Founded: 11th century | Location: Les Clées, Switzerland

Featured Historic Landmarks, Sites & Buildings

Historic Site of the week

Porta Nigra

The Porta Nigra (Latin for black gate) is the largest Roman city gate north of the Alps. It is designated as part of the Roman Monuments, Cathedral of St. Peter and Church of Our Lady in Trier UNESCO World Heritage Site. The name Porta Nigra originated in the Middle Ages due to the darkened colour of its stone; the original Roman name has not been preserved. Locals commonly refer to the Porta Nigra simply as Porta.

The Porta Nigra was built in grey sandstone between 186 and 200 AD. The original gate consisted of two four-storied towers, projecting as near semicircles on the outer side. A narrow courtyard separated the two gate openings on either side. For unknown reasons, however, the construction of the gate remained unfinished. For example, the stones at the northern (outer) side of the gate were never abraded, and the protruding stones would have made it impossible to install movable gates. Nonetheless, the gate was used for several centuries until the end of the Roman era in Trier.

In Roman times, the Porta Nigra was part of a system of four city gates, one of which stood at each side of the roughly rectangular Roman city. The Porta Nigra guarded the northern entry to the Roman city, while the Porta Alba (White Gate) was built in the east, the Porta Media (Middle Gate) in the south, and the Porta Inclyta (Famous Gate) in the west, next to the Roman bridge across the Moselle. The gates stood at the ends of the two main streets of the Roman Trier, one of which led north-south and the other east-west. Of these gates, only the Porta Nigra still exists today.

In the early Middle Ages the Roman city gates were no longer used for their original function and their stones were taken and reused for other buildings. Also iron and lead braces were broken out of the walls of the Porta Nigra for reuse. Traces of this destruction are still clearly visible on the north side of the gate.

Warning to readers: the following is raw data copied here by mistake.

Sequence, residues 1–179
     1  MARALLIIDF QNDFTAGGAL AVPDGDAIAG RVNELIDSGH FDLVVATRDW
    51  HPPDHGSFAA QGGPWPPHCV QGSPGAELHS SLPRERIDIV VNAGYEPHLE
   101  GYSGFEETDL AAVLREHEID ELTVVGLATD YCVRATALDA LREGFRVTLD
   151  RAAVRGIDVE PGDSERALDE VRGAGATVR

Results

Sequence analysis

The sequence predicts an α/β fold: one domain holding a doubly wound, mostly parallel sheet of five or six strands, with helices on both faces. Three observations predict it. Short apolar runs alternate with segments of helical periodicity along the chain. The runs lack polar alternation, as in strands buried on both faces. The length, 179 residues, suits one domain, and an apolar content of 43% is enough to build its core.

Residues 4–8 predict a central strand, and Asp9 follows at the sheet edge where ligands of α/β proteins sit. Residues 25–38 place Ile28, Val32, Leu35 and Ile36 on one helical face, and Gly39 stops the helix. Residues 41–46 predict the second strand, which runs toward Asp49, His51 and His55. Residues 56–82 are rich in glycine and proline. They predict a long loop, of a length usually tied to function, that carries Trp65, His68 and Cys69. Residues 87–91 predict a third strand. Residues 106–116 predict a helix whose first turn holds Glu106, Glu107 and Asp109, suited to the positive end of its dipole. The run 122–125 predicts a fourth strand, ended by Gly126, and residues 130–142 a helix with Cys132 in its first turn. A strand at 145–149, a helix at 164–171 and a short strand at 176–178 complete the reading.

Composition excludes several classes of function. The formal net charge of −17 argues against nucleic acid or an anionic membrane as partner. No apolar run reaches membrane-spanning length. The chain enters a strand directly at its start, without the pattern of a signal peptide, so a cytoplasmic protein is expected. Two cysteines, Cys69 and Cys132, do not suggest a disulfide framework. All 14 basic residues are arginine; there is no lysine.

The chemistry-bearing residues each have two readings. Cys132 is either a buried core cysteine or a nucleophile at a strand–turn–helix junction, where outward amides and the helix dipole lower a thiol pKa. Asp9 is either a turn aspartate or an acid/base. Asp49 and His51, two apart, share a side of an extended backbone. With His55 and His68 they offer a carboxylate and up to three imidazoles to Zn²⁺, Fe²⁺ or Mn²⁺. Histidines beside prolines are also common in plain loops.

After 1028, the Greek monk Simeon lived as a hermit in the ruins of the Porta Nigra. After his death (1035) and sanctification, the Simeonstift monastery was built next to the Porta Nigra to honor him. Saving it from further destruction, the Porta Nigra was transformed into a church: The inner court of the gate was roofed and intermediate ceilings were inserted. The two middle storeys of the former gate were converted into church naves: the upper storey being for the monks and the lower storey for the general public. The ground floor with the large gates was sealed, and a large outside staircase was constructed alongside the south side (the town side) of the gate, up to the lower storey of the church. A small staircase led further up to the upper storey. The church rooms were accessible through former windows of the western tower of the Porta Nigra that were enlarged to become entrance doors (still visible today). The top floor of the western tower was used as church tower, the eastern tower was leveled, and an apse added at its east side. An additional gate - the much smaller Simeon Gate - was built adjacent to the East side of the Porta Nigra and served as a city gate in medieval times.

In 1802 Napoleon Bonaparte dissolved the church in the Porta Nigra and the monastery beside it, along with the vast majority of Trier"s numerous churches and monasteries. On his visit to Trier in 1804, Napoleon ordered that the Porta Nigra be converted back to its Roman form. Only the apse was kept; but the eastern tower was not rebuilt to its original height. Local legend has it that Napoleon originally wanted to completely tear down the church, but locals convinced him that the church had actually been a Gaulish festival hall before being turned into a church. Another version of the story is that they told him about its Roman origins, persuading him to convert the gate back to its original form.

In 1986 the Porta Nigra was designated a World Heritage Site, along with other Roman monuments in Trier and its surroundings. The modern appearance of the Porta Nigra goes back almost unchanged to the reconstruction ordered by Napoleon. At the south side of the Porta Nigra, remains of Roman columns line the last 100 m of the street leading to the gate. Positioned where they had stood in Roman times, they give a slight impression of the aspect of the original Roman street that was lined with colonnades. The Porta Nigra, including the upper floors, is open to visitors.